A young man, Paul Carlson, is on a trip and spends the night at count Dracula's castle. Needless to say, he is murdered. After some time has passed, the young man's brother Simon comes to ... See full summary »
Roy Ward Baker
Young Eric has been bitten by a werewolf. However, he's not particularly thrilled by this turn of affairs and wishes to escape his curse. To do so, he must find and kill the founder of his ... See full summary »
A team of archaeologists with unplaceable accents unearth a skeleton at a dig in an Arizona quarry. The Native Americans on the dig instantly recognize it as the remains of a werewolf, so the team leaders immediately take it to their lab and stare at it. Natalie, one of the team members, thinks it's absolutely fascinating, but Yuri siezes on greater ambitions when one of the dig assistants, who injured themself on the remains, becomes infected and turns into a werewolf in full view of hospital personnel. Yuri then conducts an experiment infecting other people in town to see if they turn into werewolves as well. When Paul arrives at the lab to assist in analyzing the remains, Yuri infects him, too. After Paul's transformation (under a week-long full moon), Natalie tries to save him. Written by
Leo L. Schwab <firstname.lastname@example.org>
Director Tony Zarindast used stock footage for the car wreck that he had purchased before the shoot. In an attempt to make the footage match with the car used for the shoot he had the car painted the matching color of the stock footage car. Still it's obvious that the car is a Ford Taurus and the car in the wreck is a Plymouth Acclaim. See more »
The feet on the werewolf skeleton are one solid piece, visible when it's first on the table. Actual foot bones would be separate, unless there was still skin stuck to them. See more »
Look Yuri, What the hell is wrong with you? I suggest you stay out here and get sober before you rejoin the party and when you do your gonna apologize to Natalie! Now go take a walk!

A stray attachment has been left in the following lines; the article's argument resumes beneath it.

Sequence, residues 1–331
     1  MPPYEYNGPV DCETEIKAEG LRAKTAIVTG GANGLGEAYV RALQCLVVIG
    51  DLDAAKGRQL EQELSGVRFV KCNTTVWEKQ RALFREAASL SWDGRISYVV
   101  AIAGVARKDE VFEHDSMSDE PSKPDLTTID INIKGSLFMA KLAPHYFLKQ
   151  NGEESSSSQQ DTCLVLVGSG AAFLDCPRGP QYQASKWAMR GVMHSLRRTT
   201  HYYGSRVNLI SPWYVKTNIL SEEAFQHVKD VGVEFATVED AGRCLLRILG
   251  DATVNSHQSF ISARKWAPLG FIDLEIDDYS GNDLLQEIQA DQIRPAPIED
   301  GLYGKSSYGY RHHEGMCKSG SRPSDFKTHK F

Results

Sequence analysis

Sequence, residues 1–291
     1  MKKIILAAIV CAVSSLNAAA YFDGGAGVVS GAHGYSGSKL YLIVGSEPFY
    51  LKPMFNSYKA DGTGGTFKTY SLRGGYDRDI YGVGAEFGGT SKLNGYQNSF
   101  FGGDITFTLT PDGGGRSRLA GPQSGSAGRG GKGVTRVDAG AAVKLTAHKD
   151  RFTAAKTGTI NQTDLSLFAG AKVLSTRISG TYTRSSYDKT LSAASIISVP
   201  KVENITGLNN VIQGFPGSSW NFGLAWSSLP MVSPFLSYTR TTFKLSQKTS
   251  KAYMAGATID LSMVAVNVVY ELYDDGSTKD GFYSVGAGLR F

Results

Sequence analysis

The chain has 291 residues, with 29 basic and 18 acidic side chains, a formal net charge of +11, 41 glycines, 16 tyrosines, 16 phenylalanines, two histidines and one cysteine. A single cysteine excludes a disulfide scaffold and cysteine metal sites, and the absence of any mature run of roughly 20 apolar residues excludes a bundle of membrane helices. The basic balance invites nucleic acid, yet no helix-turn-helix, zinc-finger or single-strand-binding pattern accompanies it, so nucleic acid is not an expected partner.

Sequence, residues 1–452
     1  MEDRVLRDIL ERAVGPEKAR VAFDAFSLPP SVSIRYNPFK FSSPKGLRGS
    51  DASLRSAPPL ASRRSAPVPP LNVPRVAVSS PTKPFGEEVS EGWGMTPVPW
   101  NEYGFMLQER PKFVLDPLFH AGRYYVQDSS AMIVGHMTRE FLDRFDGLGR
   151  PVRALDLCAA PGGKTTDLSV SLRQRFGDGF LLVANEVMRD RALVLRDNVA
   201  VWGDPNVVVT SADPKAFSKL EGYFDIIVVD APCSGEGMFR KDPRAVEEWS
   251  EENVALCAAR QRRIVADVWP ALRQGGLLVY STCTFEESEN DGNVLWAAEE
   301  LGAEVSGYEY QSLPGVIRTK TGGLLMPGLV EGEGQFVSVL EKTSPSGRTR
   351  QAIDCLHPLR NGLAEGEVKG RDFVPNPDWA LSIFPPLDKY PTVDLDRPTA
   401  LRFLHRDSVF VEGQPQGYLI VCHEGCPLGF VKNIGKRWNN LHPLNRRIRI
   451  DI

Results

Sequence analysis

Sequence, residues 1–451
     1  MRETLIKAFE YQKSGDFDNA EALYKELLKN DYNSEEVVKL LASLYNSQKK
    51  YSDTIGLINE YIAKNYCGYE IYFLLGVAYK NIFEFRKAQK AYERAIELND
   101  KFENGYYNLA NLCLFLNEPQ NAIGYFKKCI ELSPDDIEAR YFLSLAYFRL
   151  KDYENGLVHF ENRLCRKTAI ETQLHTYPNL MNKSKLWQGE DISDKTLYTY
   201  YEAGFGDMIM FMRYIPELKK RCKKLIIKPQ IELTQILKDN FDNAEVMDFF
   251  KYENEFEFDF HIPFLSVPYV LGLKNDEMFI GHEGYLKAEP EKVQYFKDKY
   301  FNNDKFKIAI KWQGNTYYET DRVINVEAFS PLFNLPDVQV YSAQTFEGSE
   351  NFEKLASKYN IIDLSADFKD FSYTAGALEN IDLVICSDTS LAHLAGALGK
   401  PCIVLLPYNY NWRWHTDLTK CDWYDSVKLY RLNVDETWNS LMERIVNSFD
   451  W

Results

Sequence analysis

Yeah, I'll take a walk!
[gives a disgusted look at the camera]
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I've seen some good werewolf movies in my time. "An American Werewolf in London", "The Wolf Man" and "The Howling" are among my favorites (and, incidentally, some of the better examples of the genre).
And then we get to "Werewolf", which seems to be the cinematic equivalent of a really bad train wreck. Up until I had seen this beauty, "Howling II: Your Sister is a Werewolf" was the worst movie about lycantropy I had ever witnessed.
Even the synopsis is bad: archaeologists dig up a skeleton of a werewolf and when people get cut on it, they turn into werewolves!
Kids, I won't lie to you...this movie stinks in every conceivable way you could imagine. The actors have so many different accents among them you'd think this was a co-production with the League of Nations. There are about ten (that I noticed) different versions of about, say, four werewolves in the whole movie. The director has absolutely no sense of how to set up a scene - scary, introductory, dramatic, what-have-you (a werewolf transformation gets up-staged by a mural in a bar? Yeah, just what I was thinking).
There are pretty women to ogle at, though. Whether or not they can act is a moot point, I suppose, but they talk about "fussinading" things, scream with what sounds like three voice boxes and type letters while pantsless.
But in the end, this is about as sorry an excuse for a werewolf (or "wahrwilf", or "wherwalf" or whatever) film I've seen in my life. Yep, it's bad; as bad as a truckload of dirty gym clothes. Bad like those ties way back in your closet. Bad like a Pauly Shore retrospective. Bad like getting gyros from an Italian restaurant.
Break out the silver bullets, wolfsbane, crucifixes and everything else for this flick!
No stars for "Werewolf" - the worst werewolf movie ever featuring Joe Estevez.
TIDBIT - victims of lycantropy should NEVER drive.
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